April 12, 2010 -- Emotions may persist long after the actual memory of an
experience dies, a new study finds.
Researchers found that people with severe amnesia continued to experience
elevated levels of sadness or happiness after watching a sad or happy movie
clip, even though they couldn’t remember what they had seen.
"Indeed, they still felt the emotion. Sadness tended to last a bit longer
than happiness, but both emotions lasted well beyond their memory of the
films," researcher Justin Feinstein, a doctoral student in clinical
neuropsychology at the University of Iowa, says in a news release.
"A simple visit or phone call from family members might have a lingering
positive influence on a patient's happiness, even though the patient may
quickly forget the visit or phone call," Feinstein says. "On the other hand,
routine neglect from staff at nursing homes may leave the patient feeling sad,
frustrated, and lonely, even though the patient can't remember why."
In the study, published in the Proceedings of the National Academy of
Sciences, researchers evaluated five people with severe amnesia from damage
to their hippocampus, the part of the brain that converts short-term memories
into long-term ones. Damage to this part of the brain causes new memories to
disappear, which is also an early sign of Alzheimer’s disease.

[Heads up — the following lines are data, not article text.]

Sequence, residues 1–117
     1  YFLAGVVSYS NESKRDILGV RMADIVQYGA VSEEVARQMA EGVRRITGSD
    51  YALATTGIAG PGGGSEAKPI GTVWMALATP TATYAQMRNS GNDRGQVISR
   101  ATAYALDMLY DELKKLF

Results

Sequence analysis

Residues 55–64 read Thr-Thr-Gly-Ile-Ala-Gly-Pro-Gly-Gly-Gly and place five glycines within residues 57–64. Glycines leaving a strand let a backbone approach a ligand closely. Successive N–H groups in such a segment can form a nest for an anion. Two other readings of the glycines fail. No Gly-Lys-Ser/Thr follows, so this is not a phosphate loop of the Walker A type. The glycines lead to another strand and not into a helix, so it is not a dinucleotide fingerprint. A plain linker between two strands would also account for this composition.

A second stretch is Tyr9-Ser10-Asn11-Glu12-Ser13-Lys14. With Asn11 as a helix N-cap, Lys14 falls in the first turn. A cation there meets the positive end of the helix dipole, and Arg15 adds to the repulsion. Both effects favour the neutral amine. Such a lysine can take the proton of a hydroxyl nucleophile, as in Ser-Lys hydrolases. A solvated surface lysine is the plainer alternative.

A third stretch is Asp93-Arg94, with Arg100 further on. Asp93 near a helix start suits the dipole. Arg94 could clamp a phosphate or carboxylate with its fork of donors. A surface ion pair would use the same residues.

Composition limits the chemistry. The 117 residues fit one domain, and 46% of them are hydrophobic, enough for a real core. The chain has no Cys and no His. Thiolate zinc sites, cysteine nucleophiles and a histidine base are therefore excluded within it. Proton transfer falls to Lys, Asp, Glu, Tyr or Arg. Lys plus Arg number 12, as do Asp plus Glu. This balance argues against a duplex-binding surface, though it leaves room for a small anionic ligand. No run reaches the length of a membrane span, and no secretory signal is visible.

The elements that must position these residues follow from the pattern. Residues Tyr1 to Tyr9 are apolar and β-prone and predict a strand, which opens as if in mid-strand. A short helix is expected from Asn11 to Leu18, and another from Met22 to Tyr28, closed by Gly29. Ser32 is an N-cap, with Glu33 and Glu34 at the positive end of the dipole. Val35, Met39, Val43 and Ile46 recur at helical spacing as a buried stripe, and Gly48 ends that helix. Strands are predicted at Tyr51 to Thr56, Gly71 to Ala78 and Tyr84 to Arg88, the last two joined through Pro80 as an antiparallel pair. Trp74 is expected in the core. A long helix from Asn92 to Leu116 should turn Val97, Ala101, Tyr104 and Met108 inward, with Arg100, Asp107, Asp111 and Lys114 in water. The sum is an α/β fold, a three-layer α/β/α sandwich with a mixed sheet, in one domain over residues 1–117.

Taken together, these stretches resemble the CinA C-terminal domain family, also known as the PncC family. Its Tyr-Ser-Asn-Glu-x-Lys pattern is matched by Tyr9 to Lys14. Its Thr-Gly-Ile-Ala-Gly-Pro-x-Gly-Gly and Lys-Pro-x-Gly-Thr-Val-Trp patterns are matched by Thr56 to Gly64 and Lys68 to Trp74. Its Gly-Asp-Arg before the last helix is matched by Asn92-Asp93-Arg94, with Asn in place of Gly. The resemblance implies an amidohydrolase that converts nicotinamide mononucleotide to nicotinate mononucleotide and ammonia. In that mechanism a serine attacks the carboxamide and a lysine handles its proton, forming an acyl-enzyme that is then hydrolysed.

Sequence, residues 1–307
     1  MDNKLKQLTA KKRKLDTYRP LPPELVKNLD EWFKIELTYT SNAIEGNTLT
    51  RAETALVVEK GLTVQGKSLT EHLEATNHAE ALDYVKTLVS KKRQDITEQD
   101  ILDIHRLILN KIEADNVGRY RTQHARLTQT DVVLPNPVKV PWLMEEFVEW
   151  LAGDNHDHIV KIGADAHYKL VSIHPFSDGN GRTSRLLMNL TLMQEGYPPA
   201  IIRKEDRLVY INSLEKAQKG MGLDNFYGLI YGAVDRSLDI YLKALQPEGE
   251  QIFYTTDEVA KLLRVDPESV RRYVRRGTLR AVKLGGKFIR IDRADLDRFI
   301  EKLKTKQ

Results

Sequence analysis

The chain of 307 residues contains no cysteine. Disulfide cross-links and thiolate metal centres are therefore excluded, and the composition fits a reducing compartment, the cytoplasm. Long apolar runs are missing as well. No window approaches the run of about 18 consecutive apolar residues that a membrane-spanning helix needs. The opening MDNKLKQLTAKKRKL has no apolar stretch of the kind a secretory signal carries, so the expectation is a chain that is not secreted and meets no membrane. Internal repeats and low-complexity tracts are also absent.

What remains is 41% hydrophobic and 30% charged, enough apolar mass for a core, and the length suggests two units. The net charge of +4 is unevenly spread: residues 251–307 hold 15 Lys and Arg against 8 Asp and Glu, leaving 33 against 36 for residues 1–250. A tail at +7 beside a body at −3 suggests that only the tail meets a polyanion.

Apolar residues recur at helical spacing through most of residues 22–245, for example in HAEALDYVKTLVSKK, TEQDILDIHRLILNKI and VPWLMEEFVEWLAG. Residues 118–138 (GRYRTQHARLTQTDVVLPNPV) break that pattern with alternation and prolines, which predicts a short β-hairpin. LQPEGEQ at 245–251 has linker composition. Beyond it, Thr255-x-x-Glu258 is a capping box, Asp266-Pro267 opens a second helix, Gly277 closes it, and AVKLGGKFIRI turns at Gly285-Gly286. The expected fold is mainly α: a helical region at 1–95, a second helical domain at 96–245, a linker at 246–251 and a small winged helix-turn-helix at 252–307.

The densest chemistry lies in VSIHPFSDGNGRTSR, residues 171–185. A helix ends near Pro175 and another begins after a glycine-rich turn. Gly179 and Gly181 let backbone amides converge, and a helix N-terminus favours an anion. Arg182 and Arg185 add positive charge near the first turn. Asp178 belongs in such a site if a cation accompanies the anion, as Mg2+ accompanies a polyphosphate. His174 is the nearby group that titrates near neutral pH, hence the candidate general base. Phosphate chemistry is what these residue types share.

The participants were shown 20 minutes of either sad or happy movie clips on
different days. About 10 minutes after the clip ended, they were tested to see
if they could recall what they had watched.
As expected, the participants remembered few, if any, details of the movie
clips. But when asked questions to gauge their emotional state, researchers
found the participants continued to experience feelings of sadness or happiness
long after their factual memory of the experience faded.
Researchers say the results challenge the notion that erasing a painful
memory can stop emotional suffering and has major implications for Alzheimer’s
"What this research suggests is that we need to start setting a
scientifically informed standard of care for patients with memory disorders,”
Feinstein says. "Here is clear evidence showing that the reasons for treating
Alzheimer's patients with respect
and dignity go beyond simple human morals."